Writing Historical Novels, Part Three: Elements: Characteristics,Traits, and Behavior #historicalromance

Whether real or imagined, characters behave in keeping with the era they inhabit. That’s just one of the secrets to writing Historical novels that people will love to read. They don’t want to read about a man or a woman who acts as though it’s 2018 when the novel is set in 1800s. It just doesn’t work. Period.

As a Historical author, you must write your characters to fit into the attitudes, beliefs and expectations of their time period. It’s your job and your mission as writer is to reveal the people of the past, not the people of the future in the past. Well, unless you are writing a time travel. Then you would do just that. *wink wink*

So how do authors do that?

  • Show correct etiquette rules for each proper social caste

One of the best things you can do when starting a new novel set in another time period is start your research on how people acted with and toward one another. My first non-fiction purchase when I began The Woman on the Painted Horse, was a 1860 Etiquette Rules Handbook. Other books I have found helpful are the ‘Writer’s Guide to Everyday Life’ series. You can find them on Amazon. Above all, research! It will be your mortal enemy best friend!

  • However, let them push boundaries (within reason). While it was more behind closed doors than in public remember that people rebelled against social norms.

My character Ava De La Vega in A Road Paved in Copper is based after one of these women.

Her name was Ferminia Sarras, and she was a miner. A woman miner. A very rich woman miner because she knew how to mine better than most men. She also was a rather promiscuous woman and she spent her whole life not only mining, but traveling to San Francisco where she blow her fortune on fancy hotels, fine dining, and hoards of younger men.

For her time period, Ms. Sarras definitely did not fit the social standards for a woman. However, she was a real person. She lived and she lived her life the way she wanted.

To read more about her story, click HERE.

  • Dating, Courtship, and Marriage has evolved throughout the years. Make sure your historical couples follow the trends for their time period.

Romance in early 18th century was as different as the 19th century, which is even more different than the 20th century. What once began as an institution for social capital, decorum, and familial oversight, now revolves around love, trust, and the desire to spend the rest of your lives with another person. Again, this is where your research will become key.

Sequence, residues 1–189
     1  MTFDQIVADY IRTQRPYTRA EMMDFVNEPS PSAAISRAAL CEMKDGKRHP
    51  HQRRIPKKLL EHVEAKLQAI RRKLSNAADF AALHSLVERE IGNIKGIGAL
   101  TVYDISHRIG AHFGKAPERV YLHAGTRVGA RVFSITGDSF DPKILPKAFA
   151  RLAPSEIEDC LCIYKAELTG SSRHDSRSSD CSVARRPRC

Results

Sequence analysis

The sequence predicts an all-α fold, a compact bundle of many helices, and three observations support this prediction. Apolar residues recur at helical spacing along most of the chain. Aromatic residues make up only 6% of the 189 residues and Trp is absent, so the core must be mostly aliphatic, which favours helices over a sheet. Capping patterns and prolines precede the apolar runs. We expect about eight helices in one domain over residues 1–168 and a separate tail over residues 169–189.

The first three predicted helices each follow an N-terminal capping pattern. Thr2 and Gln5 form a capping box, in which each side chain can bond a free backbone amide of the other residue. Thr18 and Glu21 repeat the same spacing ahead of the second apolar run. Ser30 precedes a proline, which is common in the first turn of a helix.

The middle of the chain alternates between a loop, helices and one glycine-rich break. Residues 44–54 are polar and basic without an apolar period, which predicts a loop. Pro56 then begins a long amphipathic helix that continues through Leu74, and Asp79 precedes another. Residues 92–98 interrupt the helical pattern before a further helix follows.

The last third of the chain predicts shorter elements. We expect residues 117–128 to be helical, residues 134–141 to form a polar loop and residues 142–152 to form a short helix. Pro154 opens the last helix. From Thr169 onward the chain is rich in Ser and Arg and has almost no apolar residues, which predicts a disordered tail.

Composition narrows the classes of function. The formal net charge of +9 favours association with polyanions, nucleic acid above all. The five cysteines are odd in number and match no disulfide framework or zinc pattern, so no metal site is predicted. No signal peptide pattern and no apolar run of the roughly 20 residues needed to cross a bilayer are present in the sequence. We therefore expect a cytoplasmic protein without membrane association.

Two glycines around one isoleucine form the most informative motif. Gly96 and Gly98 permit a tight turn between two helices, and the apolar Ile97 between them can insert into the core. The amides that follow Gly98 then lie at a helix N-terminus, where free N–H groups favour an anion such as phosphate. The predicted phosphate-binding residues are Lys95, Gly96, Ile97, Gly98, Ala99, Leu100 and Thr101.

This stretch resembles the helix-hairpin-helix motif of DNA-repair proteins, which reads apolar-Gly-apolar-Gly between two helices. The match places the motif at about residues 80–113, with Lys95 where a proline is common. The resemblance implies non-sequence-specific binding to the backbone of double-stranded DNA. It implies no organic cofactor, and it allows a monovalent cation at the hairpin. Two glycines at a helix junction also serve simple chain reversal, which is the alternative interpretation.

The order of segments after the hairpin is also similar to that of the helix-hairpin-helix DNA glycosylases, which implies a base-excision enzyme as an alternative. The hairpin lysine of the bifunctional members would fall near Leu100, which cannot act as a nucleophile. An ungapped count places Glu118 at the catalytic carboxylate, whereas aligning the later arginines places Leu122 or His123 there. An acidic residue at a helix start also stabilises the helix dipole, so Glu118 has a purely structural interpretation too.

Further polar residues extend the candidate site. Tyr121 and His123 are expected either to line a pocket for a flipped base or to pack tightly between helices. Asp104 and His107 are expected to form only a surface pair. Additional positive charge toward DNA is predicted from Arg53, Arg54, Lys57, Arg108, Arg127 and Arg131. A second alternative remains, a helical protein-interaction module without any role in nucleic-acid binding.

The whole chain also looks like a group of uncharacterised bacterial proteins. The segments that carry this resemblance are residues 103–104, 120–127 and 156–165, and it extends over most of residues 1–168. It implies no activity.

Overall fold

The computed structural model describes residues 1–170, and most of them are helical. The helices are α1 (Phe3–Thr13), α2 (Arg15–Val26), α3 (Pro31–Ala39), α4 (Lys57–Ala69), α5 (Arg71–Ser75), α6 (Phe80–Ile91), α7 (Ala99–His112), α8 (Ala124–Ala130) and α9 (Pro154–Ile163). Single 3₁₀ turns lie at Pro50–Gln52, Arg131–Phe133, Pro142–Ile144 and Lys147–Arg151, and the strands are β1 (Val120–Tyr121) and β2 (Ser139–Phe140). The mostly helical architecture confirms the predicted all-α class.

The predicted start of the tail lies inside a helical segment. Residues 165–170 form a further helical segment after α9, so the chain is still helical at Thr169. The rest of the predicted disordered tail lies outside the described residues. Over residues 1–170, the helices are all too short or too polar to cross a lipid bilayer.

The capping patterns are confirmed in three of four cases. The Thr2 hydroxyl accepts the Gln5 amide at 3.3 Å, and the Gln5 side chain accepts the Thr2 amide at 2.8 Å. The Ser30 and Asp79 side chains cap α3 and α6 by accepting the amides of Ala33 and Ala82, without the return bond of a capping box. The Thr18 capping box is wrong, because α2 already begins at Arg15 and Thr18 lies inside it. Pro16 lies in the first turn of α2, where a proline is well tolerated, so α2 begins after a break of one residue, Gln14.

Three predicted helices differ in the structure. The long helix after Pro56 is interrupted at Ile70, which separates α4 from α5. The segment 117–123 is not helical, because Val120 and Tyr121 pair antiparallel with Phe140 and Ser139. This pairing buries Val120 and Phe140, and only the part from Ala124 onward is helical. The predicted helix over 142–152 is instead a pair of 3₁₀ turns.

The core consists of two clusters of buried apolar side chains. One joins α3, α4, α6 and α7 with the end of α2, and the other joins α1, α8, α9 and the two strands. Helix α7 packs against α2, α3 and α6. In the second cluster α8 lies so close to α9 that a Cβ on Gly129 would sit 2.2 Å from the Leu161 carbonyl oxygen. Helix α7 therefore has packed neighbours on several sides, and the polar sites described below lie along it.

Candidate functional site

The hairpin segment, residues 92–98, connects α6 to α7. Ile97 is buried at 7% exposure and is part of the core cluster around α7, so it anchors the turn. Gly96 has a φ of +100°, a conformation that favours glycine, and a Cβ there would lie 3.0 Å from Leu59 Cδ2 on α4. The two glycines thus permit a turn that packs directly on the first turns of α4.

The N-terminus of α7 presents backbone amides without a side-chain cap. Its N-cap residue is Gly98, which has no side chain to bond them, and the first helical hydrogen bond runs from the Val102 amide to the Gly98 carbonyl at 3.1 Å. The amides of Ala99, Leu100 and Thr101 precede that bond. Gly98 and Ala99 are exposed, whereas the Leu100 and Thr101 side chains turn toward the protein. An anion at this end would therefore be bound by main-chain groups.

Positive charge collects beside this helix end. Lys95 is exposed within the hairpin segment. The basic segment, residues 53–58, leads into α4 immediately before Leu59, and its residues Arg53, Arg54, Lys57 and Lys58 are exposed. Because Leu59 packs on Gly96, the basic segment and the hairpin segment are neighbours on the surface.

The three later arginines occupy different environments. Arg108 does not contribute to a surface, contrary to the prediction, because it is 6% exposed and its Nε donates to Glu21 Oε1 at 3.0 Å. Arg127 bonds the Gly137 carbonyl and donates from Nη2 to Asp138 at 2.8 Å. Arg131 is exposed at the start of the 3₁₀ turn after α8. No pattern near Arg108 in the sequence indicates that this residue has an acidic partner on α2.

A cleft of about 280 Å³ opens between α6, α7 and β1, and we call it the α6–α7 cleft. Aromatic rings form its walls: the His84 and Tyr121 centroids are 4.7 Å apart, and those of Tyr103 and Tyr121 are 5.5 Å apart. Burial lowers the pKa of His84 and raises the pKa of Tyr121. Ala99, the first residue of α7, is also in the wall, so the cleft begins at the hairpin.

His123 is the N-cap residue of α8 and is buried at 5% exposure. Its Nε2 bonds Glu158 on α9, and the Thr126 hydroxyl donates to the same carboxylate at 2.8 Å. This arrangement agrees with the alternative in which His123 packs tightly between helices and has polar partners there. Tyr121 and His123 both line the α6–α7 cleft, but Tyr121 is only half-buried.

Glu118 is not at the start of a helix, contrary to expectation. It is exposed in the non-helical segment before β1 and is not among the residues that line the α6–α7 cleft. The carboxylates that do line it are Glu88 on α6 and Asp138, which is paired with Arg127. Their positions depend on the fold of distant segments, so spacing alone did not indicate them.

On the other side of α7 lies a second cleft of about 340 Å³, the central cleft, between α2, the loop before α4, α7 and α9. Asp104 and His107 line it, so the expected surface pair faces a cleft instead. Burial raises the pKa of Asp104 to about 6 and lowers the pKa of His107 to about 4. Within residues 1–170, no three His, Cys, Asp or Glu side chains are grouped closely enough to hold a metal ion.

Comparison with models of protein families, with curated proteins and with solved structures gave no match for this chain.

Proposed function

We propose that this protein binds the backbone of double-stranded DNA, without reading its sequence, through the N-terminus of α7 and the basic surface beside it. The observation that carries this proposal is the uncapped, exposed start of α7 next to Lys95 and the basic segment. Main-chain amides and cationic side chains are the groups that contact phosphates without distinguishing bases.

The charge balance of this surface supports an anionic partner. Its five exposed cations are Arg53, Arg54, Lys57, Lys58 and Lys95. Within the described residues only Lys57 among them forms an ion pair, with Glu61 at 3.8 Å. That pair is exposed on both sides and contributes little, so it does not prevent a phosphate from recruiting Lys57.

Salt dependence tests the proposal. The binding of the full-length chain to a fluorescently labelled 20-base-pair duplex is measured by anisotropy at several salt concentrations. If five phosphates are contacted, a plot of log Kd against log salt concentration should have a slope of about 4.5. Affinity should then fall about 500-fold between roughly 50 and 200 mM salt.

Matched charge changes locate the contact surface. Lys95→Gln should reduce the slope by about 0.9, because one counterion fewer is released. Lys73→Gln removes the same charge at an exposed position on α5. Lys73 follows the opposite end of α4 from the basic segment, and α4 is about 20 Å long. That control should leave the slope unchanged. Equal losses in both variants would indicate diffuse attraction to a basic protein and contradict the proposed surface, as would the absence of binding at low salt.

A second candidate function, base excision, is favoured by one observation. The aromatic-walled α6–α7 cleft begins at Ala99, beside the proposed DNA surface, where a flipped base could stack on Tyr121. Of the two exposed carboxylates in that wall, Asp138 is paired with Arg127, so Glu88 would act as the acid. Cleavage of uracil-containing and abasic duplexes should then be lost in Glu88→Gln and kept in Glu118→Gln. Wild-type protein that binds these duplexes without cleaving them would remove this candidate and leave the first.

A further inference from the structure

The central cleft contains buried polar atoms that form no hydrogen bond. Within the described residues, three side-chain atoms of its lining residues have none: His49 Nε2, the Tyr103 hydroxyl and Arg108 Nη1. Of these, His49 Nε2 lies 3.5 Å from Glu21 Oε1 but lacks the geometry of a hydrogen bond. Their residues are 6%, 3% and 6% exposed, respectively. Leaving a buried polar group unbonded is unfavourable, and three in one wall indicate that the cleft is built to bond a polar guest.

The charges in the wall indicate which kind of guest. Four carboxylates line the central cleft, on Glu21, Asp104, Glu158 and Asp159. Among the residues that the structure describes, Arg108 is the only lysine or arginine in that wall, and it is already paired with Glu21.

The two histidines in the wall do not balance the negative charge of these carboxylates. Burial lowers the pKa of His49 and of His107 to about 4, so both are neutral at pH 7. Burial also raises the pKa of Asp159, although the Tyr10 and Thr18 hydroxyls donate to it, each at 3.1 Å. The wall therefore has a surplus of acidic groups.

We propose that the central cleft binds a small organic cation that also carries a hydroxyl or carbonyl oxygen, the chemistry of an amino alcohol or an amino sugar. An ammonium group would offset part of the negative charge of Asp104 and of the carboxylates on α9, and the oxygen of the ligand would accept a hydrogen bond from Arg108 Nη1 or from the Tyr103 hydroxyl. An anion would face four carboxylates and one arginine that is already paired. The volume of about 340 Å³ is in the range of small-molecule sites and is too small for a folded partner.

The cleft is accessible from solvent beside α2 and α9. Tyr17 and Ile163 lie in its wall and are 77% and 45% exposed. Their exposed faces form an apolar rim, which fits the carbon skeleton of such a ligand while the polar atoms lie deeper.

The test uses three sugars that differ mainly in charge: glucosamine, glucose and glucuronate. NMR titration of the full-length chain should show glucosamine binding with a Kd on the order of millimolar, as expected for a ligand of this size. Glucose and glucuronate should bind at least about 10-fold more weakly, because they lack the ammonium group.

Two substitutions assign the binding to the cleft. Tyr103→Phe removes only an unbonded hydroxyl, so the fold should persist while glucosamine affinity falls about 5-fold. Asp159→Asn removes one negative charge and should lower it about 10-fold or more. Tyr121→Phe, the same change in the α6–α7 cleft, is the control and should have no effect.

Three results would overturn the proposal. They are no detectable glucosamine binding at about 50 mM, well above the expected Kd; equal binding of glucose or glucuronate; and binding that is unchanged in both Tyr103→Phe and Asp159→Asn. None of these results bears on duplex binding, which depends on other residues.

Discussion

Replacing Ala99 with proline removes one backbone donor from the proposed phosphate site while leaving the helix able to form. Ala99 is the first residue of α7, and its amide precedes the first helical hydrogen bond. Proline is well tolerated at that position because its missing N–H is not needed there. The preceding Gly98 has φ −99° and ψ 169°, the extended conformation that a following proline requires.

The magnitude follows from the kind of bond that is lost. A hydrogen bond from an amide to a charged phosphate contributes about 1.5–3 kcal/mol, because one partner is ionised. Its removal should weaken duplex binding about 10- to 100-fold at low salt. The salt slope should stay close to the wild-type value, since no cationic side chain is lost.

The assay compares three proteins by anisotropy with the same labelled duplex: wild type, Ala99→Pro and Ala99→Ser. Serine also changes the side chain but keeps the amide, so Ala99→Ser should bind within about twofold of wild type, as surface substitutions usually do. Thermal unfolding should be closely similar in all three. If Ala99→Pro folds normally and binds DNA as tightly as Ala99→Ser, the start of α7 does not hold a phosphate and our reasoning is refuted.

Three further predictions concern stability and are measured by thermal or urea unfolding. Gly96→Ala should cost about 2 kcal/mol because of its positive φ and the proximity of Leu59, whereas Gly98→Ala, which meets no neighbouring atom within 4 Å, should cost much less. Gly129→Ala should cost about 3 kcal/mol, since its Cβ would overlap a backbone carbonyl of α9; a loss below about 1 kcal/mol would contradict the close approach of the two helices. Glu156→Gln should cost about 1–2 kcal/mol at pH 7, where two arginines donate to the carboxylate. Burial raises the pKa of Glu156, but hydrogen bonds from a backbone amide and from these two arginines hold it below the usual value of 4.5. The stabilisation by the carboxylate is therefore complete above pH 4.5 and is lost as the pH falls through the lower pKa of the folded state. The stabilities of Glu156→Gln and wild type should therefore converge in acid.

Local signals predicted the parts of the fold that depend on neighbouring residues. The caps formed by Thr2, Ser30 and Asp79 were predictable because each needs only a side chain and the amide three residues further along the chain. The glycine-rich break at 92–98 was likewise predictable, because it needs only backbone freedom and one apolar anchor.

• Women committed crimes, not just men

History is chalked full of women criminals. Some stories are even worst than anything a man could do. Don’t believe me? Recently, I came across a dandy little tale about a woman in Edgefield, South Carolina named Rebecca ‘Becky’ Cotton Kennedy. In the late 1790s she went on to murder not one, not two, but three of her husbands rather brutally, too.

You can read about how she killed them, how she got away with it, and how she died HERE.

  • Women traveled to faraway destinations, working and fighting alongside their husbands

I remember the first time I had a reviewer give me a low star rating on my novel, In the Land of Gold, because “women didn’t do those things [trek up the Klondike to hunt for gold] back then.” My first reaction was that I laughed. My second was that I said aloud, “I guess this person has never heard of Klondike Kate or any of the other hundreds of real women who did trek up the Klondike. Some with their husbands and some alone.

To read about ‘Women of the Klondike’, click HERE.

Be sure to check out the other parts of this series:

What is the difference?

Elements to Historical Fiction and Historical Romance

Rules for Historical Fiction and Historical Romance

  • Research, Research, Research
  • Fact vs Fiction
  • Personal Beliefs & Authenticity
Want free access to updates, sales, exclusive excerpts and short stories, plus awesome book suggestions? Subscribe to my NEWSLETTER today!
Advertisements

Leave a Reply

Fill in your details below or click an icon to log in:

WordPress.com Logo

You are commenting using your WordPress.com account. Log Out /  Change )

Google+ photo

You are commenting using your Google+ account. Log Out /  Change )

Twitter picture

You are commenting using your Twitter account. Log Out /  Change )

Facebook photo

You are commenting using your Facebook account. Log Out /  Change )

Connecting to %s

This site uses Akismet to reduce spam. Learn how your comment data is processed.

%d bloggers like this: